Mon, 18 Oct 2021, 20:00
Wynton Marsalis is one of the most successful jazz musicians and jazz composers of his generation – a creative spirit who, as a teacher and an artistic role model with a strong sense of social responsibility, is also one of the outstanding personalities of our time. He received his first trumpet at the age of five. He began his classical training at twelve and made his debut with the New Orleans Philharmonic as soloist in Joseph Haydn’s E flat major Trumpet Concerto when he was fourteen. At the same time, he also played in many funk, jazz and marching bands in his native city. In 1977, he won first prize at the Eastern Music Festival in North Carolina, which included a fellowship. After taking classes at the Tanglewood Music Center in Massachusetts, Marsalis studied trumpet at the Juilliard School in New York. During this time he played in the band for Stephen Sondheim’s Broadway musical Sweeney Todd and made guest appearances with the Brooklyn Philharmonic and the New Mexico Philharmonic. His international breakthrough came in 1980, when he joined jazz drummer Art Blakey’s band, the Jazz Messengers. A year later, he went on tour with Herbie Hancock, Ron Carter and Tony Williams. His first album was released in 1982, followed by a recording contract with Columbia Records that led to albums with such jazz greats as Dizzy Gillespie, Chico Freeman, Art Blakey and Herbie Hancock. He also continued to play classical music, receiving Grammy awards for both classical and jazz recordings in the same year.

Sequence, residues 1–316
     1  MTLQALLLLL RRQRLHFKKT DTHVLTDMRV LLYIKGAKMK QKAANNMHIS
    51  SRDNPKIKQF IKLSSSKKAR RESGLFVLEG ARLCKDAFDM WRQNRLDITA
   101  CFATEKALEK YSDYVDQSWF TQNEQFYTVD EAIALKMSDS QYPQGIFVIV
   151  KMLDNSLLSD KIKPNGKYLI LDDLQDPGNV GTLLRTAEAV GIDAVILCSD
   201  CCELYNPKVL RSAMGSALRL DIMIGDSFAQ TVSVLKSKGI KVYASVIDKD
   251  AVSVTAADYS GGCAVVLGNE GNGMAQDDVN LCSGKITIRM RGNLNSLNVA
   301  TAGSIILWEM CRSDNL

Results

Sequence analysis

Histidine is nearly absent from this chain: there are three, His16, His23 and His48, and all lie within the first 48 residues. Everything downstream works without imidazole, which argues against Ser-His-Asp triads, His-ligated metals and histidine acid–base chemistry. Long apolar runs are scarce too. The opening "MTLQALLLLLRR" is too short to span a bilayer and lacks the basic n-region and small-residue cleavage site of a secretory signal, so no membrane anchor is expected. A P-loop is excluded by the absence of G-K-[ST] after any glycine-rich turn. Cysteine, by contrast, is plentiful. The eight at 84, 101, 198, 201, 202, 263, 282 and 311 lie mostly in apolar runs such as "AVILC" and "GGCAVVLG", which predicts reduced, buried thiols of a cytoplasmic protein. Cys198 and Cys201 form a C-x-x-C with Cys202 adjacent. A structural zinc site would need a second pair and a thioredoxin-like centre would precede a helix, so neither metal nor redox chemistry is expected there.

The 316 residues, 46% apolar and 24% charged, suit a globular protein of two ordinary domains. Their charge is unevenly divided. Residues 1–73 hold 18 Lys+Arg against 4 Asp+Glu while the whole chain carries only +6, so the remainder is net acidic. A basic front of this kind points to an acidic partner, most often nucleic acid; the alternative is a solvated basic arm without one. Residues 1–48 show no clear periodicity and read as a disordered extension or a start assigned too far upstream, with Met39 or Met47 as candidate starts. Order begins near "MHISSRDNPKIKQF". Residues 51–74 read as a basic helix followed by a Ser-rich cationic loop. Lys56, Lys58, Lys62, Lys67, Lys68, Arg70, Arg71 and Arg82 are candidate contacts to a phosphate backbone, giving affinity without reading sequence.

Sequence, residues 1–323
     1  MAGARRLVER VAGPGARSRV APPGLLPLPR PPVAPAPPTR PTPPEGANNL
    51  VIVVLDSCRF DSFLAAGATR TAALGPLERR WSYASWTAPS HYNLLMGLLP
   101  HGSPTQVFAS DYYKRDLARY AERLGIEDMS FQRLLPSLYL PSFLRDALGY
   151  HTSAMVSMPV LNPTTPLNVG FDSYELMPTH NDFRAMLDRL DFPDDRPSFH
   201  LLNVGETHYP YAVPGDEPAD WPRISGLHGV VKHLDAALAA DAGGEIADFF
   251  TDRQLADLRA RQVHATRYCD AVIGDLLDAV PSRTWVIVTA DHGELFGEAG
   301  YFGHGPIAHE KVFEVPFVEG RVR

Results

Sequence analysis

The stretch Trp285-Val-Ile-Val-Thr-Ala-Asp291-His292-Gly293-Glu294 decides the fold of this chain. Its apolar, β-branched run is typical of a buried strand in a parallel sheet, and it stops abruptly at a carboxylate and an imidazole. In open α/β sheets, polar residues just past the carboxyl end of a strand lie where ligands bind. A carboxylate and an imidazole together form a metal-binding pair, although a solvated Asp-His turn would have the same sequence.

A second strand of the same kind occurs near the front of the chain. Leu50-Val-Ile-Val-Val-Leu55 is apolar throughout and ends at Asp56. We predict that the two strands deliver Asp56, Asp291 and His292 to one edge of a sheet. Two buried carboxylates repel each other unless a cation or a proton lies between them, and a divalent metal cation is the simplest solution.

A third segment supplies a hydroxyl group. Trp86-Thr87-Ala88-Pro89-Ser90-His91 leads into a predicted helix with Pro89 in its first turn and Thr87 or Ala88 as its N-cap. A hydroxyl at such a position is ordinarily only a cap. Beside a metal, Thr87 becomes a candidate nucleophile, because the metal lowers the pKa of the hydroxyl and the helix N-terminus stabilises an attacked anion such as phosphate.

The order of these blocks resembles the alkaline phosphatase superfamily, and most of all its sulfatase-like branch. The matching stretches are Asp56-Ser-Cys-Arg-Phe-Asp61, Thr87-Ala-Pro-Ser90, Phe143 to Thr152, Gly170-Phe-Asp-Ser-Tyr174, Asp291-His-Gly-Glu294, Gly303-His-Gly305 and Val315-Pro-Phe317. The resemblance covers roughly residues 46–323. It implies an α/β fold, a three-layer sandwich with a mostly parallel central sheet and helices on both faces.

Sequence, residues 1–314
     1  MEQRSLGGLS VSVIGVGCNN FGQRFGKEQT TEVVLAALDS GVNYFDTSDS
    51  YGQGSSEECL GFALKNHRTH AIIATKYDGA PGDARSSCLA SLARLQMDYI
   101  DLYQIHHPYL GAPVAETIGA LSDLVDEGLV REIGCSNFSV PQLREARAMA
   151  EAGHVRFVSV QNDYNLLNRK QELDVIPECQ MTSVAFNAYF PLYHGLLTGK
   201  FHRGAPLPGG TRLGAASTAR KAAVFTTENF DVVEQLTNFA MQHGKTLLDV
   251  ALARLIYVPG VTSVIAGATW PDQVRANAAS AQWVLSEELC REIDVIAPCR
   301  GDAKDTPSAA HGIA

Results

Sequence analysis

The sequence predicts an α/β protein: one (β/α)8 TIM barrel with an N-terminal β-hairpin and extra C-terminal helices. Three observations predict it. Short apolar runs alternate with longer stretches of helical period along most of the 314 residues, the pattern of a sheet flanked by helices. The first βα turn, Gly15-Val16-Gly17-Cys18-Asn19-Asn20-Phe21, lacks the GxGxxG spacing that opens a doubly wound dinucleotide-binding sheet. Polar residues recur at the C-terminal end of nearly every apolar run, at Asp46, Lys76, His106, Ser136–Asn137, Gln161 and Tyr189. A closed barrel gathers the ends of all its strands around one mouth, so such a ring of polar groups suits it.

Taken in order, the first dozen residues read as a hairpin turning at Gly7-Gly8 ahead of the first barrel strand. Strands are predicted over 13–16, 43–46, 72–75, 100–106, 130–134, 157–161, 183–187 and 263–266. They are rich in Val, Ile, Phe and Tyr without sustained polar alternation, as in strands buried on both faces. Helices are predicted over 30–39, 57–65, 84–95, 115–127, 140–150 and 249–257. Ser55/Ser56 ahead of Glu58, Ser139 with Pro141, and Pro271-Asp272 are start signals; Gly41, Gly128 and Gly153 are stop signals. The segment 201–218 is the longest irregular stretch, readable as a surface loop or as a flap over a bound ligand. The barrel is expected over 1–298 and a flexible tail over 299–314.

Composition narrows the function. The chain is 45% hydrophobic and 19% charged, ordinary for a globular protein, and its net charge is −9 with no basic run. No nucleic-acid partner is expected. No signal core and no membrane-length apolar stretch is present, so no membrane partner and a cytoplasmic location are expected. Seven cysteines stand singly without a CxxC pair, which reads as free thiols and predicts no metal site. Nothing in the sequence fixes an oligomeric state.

Wynton Marsalis is co-founder of the jazz department at New York’s Lincoln Center and artistic director of the Jazz at Lincoln Center Orchestra, which emphasizes repertoire from the history of jazz. He is deeply committed to supporting talented young musicians; he launched the popular Jazz for Young People concerts and also established a film series and regular readings on the theme of jazz at Lincoln Center. Marsalis has received honorary doctorates from numerous universities and colleges and in 1977 became the first jazz musician to win the Pulitzer Prize.